Like groundhogs, some of the university's important behind-the-scenes individuals took a moment recently to poke their heads out and be recognized.
The event was the 2000 JHU Student Employee of the Year awards ceremony, held April 5 in the Garrett Room of the MSE Library at Homewood. The eighth annual ceremony was part of National Student Employee Appreciation Week, an event whose purpose is to enhance awareness of student employment and the important role it plays in higher education.
Campus jobs are held by roughly 3,700 Homewood undergraduate and graduate students, a work force without which many of the university's offices, programs and departments could not operate, said Jerome Schnydman, executive assistant to the president, who spoke at the event.
Schnydman also offered how important campus employment is for the students. "My sense is that sometimes students take as much from their mentors where they work as they do from other aspects of their education," he said.
The annual weeklong celebration includes daily prizes, contests and food and culminates with the Employee of the Year ceremony. This year, 14 individuals and five departmental student groups were honored, with the Student Employee of the Year Award going to Dmitry Sergeevich Ruban, a junior majoring in neuroscience. Ruban, who works at the Center for Technology in Education, received a $500 savings bond and will compete in the state and regional Employee of the Year contests sponsored by the National Student Employee Association.
New to the event this year was the awarding of a second prize, which went to Era Hanspal, a senior neuroscience major who works in the Psychiatry Department at the Bayview campus, and a third prize, accepted by Takahiro Ariga, a senior computer engineering major and an employee of the Biology Department. Cash prizes for second and third place were $100 and $50, respectively.
Group awards went to Career Planning and Development, Office of the Registrar, Special Events, Student Activities and Security.
Judges were all Hopkins alumni: Graham Bouton, technology services administrator in Hopkins Information Technology Services; Lydia B. Hoover, an attorney at Rifkin, Livingston, Levitan and Silver; and Carolyn Furr-Holden, a postdoctoral fellow at the School of Public Health.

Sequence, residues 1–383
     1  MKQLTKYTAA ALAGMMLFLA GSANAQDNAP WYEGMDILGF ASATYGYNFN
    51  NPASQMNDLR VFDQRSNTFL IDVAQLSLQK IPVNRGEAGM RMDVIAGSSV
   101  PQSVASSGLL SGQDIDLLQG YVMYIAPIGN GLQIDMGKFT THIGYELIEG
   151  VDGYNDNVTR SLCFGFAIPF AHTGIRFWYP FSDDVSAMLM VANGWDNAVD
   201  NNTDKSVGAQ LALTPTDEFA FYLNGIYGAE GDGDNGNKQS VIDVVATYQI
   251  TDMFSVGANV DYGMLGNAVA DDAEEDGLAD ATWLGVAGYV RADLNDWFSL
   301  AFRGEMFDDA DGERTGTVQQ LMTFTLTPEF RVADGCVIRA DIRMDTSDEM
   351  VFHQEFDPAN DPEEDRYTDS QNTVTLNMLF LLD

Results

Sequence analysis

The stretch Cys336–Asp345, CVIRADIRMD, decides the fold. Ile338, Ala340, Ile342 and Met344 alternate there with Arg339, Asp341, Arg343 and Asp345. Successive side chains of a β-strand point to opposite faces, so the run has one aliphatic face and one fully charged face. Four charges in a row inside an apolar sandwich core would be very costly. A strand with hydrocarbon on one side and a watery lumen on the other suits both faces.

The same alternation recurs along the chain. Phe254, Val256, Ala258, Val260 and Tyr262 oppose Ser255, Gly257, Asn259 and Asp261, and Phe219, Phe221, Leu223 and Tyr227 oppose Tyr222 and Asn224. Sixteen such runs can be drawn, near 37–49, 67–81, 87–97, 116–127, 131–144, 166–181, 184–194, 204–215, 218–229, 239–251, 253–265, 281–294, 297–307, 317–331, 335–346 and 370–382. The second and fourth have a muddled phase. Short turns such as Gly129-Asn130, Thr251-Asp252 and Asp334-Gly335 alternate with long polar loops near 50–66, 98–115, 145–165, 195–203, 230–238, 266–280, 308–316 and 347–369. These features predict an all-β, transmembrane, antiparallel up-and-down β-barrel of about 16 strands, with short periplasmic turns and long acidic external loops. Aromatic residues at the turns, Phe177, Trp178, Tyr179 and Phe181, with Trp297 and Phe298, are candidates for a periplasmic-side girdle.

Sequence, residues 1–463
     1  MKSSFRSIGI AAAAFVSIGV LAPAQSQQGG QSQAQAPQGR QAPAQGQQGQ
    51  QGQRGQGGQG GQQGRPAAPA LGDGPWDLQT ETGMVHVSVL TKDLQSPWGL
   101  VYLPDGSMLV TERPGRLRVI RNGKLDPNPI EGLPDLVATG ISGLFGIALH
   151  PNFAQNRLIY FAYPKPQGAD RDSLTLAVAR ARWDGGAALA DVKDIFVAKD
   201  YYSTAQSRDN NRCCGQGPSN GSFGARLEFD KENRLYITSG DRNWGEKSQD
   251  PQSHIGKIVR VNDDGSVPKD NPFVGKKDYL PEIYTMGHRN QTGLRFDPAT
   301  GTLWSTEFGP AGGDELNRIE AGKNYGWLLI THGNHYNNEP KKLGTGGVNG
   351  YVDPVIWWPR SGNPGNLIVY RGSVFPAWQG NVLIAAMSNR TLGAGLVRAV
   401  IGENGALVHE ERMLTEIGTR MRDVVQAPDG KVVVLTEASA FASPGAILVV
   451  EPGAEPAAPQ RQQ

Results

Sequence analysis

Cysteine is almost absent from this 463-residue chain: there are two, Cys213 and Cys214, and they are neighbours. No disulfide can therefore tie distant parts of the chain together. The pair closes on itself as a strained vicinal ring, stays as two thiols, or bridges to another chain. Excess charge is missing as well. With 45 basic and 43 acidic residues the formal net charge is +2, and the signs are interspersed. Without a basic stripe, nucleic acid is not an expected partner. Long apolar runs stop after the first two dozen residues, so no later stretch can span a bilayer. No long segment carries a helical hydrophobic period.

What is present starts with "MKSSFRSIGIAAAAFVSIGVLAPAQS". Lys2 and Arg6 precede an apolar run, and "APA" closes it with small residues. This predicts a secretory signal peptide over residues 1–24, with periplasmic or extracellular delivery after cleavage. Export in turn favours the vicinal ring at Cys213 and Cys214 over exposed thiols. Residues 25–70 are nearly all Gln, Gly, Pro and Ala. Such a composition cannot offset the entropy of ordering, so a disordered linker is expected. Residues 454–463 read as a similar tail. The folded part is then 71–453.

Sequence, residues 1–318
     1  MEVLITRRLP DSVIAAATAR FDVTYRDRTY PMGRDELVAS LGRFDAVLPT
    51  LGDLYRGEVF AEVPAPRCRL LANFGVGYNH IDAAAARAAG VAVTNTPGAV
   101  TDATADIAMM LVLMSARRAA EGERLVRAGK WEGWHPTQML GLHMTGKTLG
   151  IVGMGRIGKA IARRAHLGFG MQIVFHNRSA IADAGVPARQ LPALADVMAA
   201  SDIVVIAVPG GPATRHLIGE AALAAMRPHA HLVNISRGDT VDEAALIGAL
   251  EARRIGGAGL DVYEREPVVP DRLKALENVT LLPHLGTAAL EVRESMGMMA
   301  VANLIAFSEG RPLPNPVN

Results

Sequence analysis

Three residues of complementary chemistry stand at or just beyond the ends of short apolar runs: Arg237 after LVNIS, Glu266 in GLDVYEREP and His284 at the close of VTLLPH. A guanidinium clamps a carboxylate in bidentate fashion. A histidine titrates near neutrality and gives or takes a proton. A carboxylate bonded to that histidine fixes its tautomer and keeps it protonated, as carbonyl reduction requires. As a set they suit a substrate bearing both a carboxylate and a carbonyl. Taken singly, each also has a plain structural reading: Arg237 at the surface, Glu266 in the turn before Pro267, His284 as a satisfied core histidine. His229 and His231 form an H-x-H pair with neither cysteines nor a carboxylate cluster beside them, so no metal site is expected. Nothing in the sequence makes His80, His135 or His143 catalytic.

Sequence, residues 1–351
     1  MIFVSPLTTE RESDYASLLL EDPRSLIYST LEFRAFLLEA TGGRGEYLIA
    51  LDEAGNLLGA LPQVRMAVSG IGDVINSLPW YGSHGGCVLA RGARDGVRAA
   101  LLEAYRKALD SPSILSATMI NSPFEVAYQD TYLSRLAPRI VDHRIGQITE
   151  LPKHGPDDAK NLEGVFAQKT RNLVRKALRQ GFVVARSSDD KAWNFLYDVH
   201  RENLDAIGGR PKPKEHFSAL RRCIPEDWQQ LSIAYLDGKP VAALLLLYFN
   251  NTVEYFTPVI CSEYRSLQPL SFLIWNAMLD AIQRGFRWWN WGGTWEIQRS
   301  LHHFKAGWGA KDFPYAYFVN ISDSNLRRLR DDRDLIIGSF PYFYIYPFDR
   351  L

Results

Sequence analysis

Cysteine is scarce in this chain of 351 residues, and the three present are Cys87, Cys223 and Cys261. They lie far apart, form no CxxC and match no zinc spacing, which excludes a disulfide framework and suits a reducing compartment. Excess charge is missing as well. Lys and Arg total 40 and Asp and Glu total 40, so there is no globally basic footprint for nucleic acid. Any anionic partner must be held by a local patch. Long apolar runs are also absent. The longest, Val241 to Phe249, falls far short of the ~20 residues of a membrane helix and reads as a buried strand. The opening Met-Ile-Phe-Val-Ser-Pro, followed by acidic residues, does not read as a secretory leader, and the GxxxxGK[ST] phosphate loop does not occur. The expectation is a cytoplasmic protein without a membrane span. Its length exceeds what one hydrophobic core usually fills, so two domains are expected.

In addition to Schnydman, other speakers were Furr-Holden, who spoke of her own student employment experience, and Lorna Whalen, dean of admissions and enrollment.
First-place winner Ruban was hired last October by CTE for a tech support position, but his employer decided he had the potential to fill a more pressing need, namely doing cold fusion programming. Cold fusion is a special computer language that allows users to build complex functionality into a website, such as having it interact with a database. Ruban is currently involved in a project aimed at creating an electronic learning community for educators.
Dave Peloff, an instructor in the School of Professional Studies in Business and Education and Ruban's supervisor, said Ruban is a professional and responsible young man who has been "a pleasure to work with."
"I wanted someone with the potential to learn this type of programming, and basically he has just rocked," Peloff said. "He is a very bright and talented student. Not many people know how to do this."
Ruban said he relishes the opportunity to do this high-level programming and that he believes the knowledge will serve him well in the future.
"Actually, it's pretty awesome. You could do just about anything with these skills," Ruban said.
Ruban's next step is medical school. However, he is not concerned about his work cutting into his study time. In fact, he says his student employment experience has only enhanced his grades.
"I did really well last semester," he said. "Working has helped with my study time because it has forced me to schedule it out. I'm much more organized these days."